AIC Insecurity (Plus a Black Hole Simulation)

Following the AIC readings, I can’t but help feel the same level of insecurity regarding just how much our models can tell us about the world around us. Even though AIC allows to choose the best model from a set of candidates, this measure is still limited by our a priori understanding, and the old adage “garbage in, garbage out” applies once more. AIC can only tell us the best relative model, but if we fail to include any good models, it will only be able to tell which of our bad models comes closest to being analyze the data effectively. This is sci-existentially terrifying. Incredibly, even with this fancy new tool, we can only be so certain that the particular model and/or method that we use to analyze our given data is correct. I’m sure that my thoughts on the subject will change over the course of next week, although I suppose my insecurity over choosing the right models to use with AIC will remain.

On a  completely unrelated note, I came across an interesting example of the usefulness of simulations for revealing new insights regarding scientific phenomena. I’ll leave a link to the article below, but in short a group of astrophysicists and special effects artists were able to generate a physically/mathematically correct simulated black hole that turned out to be the most accurate visualization of a black hole to date. In fact, some aspects of the visualization that were initially thought of as bugs in the program turned out to make sense in a physics context, and led to new insights into the appearance of black holes. Overall, it’s definitely an interesting article that I would recommend checking out.

http://www.wired.com/2014/10/astrophysics-interstellar-black-hole/

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One Response to AIC Insecurity (Plus a Black Hole Simulation)

  1. lficarra says:

    I find that the more I learn about how a particular instrument works, what the theory is behind a new statistical tool, or what the methods are for a particular research experiment, the less confident I am about the result it produces. I often hear researchers (and even myself) state some iteration of: the more you learn, the more you realize you don’t know. How can anyone get anything done when scientific literature is so full of caveats? Research is not simply to answer questions, but to discover new questions. A big part of it is realizing how little we actually know. This can be very difficult to grapple with, but uncertainty is everywhere.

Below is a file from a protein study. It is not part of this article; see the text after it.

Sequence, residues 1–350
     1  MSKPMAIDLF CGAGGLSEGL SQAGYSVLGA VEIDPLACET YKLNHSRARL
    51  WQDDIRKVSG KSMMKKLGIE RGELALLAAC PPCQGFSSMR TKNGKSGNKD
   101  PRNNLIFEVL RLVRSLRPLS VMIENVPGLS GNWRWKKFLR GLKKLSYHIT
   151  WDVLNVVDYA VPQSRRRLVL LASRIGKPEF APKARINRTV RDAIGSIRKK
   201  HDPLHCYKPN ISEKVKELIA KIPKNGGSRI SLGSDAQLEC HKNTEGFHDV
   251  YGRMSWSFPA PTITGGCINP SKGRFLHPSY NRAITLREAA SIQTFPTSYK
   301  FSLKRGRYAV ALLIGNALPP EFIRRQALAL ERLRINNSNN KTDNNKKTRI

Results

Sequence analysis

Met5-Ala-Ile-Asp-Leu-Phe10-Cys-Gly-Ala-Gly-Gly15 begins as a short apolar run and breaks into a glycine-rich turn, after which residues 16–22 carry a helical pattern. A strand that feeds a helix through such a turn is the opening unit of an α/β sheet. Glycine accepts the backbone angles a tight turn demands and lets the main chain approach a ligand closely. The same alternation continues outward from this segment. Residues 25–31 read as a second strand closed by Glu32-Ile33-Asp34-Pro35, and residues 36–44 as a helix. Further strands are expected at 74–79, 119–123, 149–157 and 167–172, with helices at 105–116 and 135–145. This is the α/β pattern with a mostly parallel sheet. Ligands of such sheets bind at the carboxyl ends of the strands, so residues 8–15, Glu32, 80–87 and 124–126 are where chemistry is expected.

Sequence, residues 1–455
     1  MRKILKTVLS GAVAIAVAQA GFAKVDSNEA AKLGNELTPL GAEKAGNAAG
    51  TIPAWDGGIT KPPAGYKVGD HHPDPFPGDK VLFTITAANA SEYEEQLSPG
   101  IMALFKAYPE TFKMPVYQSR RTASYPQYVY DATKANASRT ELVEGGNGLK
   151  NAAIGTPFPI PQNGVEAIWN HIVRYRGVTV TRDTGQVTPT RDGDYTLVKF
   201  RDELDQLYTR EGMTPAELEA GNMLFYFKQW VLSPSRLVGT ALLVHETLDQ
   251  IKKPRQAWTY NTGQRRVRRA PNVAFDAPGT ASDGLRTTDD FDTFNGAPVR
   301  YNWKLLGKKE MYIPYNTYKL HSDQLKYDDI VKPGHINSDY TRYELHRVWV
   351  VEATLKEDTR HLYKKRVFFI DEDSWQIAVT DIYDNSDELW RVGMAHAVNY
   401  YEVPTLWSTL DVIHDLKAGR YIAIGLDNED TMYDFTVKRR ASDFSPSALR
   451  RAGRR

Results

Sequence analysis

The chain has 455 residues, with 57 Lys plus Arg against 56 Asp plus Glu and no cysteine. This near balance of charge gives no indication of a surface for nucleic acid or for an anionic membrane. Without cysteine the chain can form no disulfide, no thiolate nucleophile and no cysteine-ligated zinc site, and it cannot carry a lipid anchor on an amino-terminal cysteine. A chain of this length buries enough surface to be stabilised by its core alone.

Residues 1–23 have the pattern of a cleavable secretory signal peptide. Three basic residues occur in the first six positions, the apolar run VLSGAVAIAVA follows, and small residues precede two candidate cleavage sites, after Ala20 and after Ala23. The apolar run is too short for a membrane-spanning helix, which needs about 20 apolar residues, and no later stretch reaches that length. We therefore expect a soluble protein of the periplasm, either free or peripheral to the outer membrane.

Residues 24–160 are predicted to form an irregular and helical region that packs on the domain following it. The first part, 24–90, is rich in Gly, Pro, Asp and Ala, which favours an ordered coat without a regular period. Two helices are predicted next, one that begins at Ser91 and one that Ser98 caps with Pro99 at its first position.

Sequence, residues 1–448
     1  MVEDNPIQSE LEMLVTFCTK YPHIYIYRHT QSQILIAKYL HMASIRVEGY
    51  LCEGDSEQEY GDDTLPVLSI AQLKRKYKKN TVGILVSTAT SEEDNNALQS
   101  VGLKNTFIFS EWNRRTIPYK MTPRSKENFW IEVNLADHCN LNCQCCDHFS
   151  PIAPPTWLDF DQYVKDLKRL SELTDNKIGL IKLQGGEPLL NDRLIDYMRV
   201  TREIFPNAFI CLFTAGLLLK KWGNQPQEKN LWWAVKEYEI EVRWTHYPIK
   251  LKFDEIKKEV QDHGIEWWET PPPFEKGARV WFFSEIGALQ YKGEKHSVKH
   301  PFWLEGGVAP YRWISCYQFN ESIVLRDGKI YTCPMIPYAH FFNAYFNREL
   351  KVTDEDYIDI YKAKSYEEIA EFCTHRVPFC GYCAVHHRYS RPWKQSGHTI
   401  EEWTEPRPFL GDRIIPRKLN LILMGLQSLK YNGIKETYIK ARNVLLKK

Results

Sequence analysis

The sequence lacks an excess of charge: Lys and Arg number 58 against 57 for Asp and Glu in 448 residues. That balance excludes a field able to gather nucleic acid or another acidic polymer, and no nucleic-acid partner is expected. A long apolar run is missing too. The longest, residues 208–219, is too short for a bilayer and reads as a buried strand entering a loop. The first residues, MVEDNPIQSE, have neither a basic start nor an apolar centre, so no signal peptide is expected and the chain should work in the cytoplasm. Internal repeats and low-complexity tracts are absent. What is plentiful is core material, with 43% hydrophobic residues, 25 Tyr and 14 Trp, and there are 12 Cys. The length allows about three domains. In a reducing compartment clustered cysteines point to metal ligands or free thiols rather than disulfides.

Statistical methods come with their own uncertainties, yet help create some order out of our chaotic data. The AIC can help us choose appropriate models to use, but with all statistical tests, biological relevance must be taken into account. The AIC is no exception to this rule. Providing candidate models for AIC reminds me of setting a prior for bayesian analysis. Prior knowledge of the system is used to narrow down potential models. Then, the AIC estimates the appropriate model (just like bayesian analysis incorporates the prior to explore the probability surface).

    While this requirement for a priori knowledge of the system may be necessary for a good model pick, the amount of a priori knowledge available may serve as a measure of uncertainty for that choice. So what I mean is if you know little about your study system, you know there will probably be high uncertainty in the AIC model choice. If your candidate models are backed by strong a priori knowledge, there will probably be much less uncertainty in the model pick.

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